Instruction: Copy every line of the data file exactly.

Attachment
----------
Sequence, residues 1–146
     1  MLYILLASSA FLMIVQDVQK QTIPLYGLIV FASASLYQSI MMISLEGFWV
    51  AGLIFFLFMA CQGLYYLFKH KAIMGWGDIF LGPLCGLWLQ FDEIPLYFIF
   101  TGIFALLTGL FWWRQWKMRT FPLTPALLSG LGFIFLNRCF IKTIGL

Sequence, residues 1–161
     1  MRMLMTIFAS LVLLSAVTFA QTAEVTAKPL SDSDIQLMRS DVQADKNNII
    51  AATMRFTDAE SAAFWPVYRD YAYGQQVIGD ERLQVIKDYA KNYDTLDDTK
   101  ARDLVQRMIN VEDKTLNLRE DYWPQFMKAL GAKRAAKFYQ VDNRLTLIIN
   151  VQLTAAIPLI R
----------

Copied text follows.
Sequence, residues 1–146
     1  MLYILLASSA FLMIVQDVQK QTIPLYGLIV FASASLYQSI MMISLEGFWV
    51  AGLIFFLFMA CQGLYYLFKH KAIMGWGDIF LGPLCGLWLQ FDEIPLYFIF
   101  TGIFALLTGL FWWRQWKMRT FPLTPALLSG LGFIFLNRCF IKTIGL

Sequence, residues 1–161
     1  MRMLMTIFAS LVLLSAVTFA QTAEVTAKPL SDSDIQLMRS DVQADKNNII
    51  AATMRFTDAE SAAFWPVYRD YAYGQQVIGD ERLQVIKDYA KNYDTLDDTK
   101  ARDLVQRMIN VEDKTLNLRE DYWPQFMKAL GAKRAAKFYQ VDNRLTLIIN
   151  VQLTAAIPLI R